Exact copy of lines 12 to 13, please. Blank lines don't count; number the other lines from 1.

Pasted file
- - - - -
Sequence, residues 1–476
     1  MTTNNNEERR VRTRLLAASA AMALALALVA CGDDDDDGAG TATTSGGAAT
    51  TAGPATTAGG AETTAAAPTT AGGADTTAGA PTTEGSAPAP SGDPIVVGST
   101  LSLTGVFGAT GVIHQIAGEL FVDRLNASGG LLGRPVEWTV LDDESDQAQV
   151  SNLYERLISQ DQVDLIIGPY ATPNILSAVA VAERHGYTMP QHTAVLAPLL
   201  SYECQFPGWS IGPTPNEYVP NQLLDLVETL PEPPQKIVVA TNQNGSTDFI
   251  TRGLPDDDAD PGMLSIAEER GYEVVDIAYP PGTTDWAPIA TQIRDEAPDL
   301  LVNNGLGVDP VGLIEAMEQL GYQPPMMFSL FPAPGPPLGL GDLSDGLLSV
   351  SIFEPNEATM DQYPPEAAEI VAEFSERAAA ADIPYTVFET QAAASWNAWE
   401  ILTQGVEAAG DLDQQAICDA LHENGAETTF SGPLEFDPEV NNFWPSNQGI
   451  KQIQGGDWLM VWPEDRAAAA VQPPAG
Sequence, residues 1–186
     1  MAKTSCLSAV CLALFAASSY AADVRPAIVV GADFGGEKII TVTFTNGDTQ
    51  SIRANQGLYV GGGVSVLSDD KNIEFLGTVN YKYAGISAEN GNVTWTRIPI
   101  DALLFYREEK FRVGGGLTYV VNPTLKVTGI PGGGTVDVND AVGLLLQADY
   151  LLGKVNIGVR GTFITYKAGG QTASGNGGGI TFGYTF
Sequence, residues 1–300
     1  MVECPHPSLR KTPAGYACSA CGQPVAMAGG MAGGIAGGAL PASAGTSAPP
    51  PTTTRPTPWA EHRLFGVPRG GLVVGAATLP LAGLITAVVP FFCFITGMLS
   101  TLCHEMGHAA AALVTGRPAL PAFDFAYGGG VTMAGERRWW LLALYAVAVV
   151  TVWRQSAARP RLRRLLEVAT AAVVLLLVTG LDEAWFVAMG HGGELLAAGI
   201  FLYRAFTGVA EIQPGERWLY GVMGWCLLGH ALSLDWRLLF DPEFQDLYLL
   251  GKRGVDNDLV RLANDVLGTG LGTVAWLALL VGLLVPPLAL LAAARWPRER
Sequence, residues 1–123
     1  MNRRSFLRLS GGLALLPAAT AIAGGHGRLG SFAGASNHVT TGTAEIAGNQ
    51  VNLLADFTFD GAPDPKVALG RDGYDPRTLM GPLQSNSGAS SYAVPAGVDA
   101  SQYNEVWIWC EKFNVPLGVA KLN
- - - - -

Sequence, residues 1–186
     1  MAKTSCLSAV CLALFAASSY AADVRPAIVV GADFGGEKII TVTFTNGDTQ